New digital core for banks

Huawei core photo-1

As the world continues to evolve, its residents are becoming more inquisitive in terms of finding novel solutions to current demands. Most of the solutions come in form of technological innovations.

Today’s technologically advanced world subscribes to the philosophy that life should be made easy, and the way of conducting daily business should be smooth sailing a larger extent.

The global banking sector, for instance, is fast moving from traditional to digital, incorporating FinTech at almost every level of transaction. There is an upsurge in digital banking and every financial institution is heading that way.

To construct a digital bank, a new ‘digital core’ that supports new technologies in banking service platforms or systems is necessary. Of course that should be somehow different from the initial traditional core.

In different countries and regions, banks build their new digital cores in different approaches, and in phases. The most commonly used approach is bi-modal architecture.

What is the bi-modal architecture?

Banking Core supported by traditional IT architecture has been used for many years and cannot be abandoned or completely modernised in a short period. On the other hand, banks need new architecture to support applications and services in open banking environments, such as mobile payment, micro-finance, and e-commerce. The scenario demands a bi-modal architecture.

What are the features of the new architecture?

The new architecture is normally open, distributed, or cloud-based. Banks and financial institutions in China have developed fast over the past 10 years. This can be attributed to two factors. Firstly, financial market competition has become increasingly intense, as domestic internet technology companies have risen rapidly. Secondly, China’s rapid economic development has driven IT progress too. For instance, a large number of internet-based transactions pose great pressure on banks. To cope, banks update their entire technical architecture to support both quick and elastic resource deployment and fast application iteration.

Meanwhile, with the change of user habits, traditional banks need to quickly develop applications, such as marketing and non-traditional financial services (life and e-commerce applications). This way, banks can acquire customers or attract the millennials to enhance competitiveness.

Therefore, traditional banks need to both maintain the stability of the traditional core and quickly build a new digital core. The digital core must be constructed using open and distributed technologies to better support the rapid development of next-generation applications, quickly acquire customers, and improve customer experience. It should also support the construction of the next-generation data platform, enabling banks to quickly develop and deploy innovative services.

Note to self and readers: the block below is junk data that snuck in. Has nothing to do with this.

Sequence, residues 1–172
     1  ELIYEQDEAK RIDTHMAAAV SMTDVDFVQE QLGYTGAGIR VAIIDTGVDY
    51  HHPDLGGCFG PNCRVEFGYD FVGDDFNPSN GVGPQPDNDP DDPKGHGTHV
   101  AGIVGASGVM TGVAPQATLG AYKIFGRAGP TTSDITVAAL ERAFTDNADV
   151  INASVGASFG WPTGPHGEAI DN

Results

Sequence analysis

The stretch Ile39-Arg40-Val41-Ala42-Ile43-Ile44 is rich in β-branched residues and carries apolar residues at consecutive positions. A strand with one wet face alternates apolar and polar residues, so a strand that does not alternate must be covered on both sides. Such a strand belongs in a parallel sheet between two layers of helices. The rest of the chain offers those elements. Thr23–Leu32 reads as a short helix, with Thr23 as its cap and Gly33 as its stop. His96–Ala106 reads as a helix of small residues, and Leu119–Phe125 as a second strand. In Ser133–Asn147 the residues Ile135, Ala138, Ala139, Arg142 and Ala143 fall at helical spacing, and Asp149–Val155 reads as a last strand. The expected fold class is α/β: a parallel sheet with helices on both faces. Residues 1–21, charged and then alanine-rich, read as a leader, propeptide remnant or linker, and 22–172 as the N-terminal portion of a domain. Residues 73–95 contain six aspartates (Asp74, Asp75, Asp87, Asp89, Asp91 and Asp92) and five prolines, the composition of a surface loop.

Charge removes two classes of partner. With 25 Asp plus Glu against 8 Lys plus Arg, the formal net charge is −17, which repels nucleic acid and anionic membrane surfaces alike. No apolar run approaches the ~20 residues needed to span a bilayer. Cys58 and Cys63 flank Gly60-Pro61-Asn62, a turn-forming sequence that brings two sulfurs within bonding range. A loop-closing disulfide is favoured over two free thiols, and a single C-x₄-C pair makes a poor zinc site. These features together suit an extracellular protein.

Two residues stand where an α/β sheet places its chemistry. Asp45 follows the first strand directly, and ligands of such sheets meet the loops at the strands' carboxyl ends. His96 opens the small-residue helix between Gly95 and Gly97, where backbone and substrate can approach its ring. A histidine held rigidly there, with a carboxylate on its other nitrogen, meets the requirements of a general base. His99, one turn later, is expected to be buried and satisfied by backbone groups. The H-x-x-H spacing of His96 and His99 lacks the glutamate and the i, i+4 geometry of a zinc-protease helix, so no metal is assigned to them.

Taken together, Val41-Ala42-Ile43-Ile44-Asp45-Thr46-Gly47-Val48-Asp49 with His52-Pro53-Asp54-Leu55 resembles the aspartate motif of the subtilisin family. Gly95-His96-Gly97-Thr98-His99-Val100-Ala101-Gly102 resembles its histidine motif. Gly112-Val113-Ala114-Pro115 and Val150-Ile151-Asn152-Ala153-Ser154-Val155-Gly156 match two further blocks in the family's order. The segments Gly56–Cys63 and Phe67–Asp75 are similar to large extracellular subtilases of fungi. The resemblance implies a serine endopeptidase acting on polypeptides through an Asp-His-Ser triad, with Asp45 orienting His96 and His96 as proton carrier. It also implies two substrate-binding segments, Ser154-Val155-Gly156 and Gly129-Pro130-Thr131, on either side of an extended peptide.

In addition, banks need to keep their traditional core to provide traditional banking services, such as savings and general ledgers. These services have been running stably on traditional platforms for a long time.

Although many banks have migrated their service applications from the traditional core to the new digital core, in the foreseeable future, the two cores will coexist for a long time. That is why the bi-modal architecture is the mainstream one.

What are Huawei's solutions for the new digital core?

To support rapid horizontal scaling and the huge transaction volume, banks need distributed and open IT architecture designs. The traditional bank architecture is centralised and thus difficult to scale horizontally. On the contrary, the x86 architecture using various open and distributed technologies (such as MySQL database and Hadoop) is easy to scale horizontally.

Huawei has been dedicated to introducing the successful practices of digital transformation of banks in China in the past 10 years to overseas bank customers. Building the new digital core and architecture is one of these practices.

Since last year, Huawei has worked with leading banking service providers in China to develop a solution named Fincube.

This solution helps banks build a Lego-like distributed digital core banking system that converges IaaS, PaaS, and SaaS layers. In this solution, Huawei mainly provides the infrastructure architecture and distributed storage technology based on the IaaS layer of Huawei Cloud, while partners provide the PaaS layer technology and modular digital banking service system that can flexibly adapt to various service development and operations and management scenarios.

Since its launch, within a short space of time, this solution has been embraced by many customers. It has for instance been put into commercial use in a leading bank in Thailand. It does not only meet the bank’s requirements for developing internet financial services such as digital wallet and mobile payment, but also supports its open bank development strategy.

In the future, it will support more important national financial service development strategies and be applied to new ecosystem business models of banks.

In Kenya, Huawei, together with a leading bank software provider in China, helped the head bank build a new digital core system for financial inclusion within a short time. This clearly indicates that building a new digital core system has become a major trend of the industry.

With long-term cooperation with banks, Huawei, as a global enterprise, can more easily introduce this solution and best practices from China’s banking sector to its bank customers outside China, thus helping them successfully go digital and intelligent.

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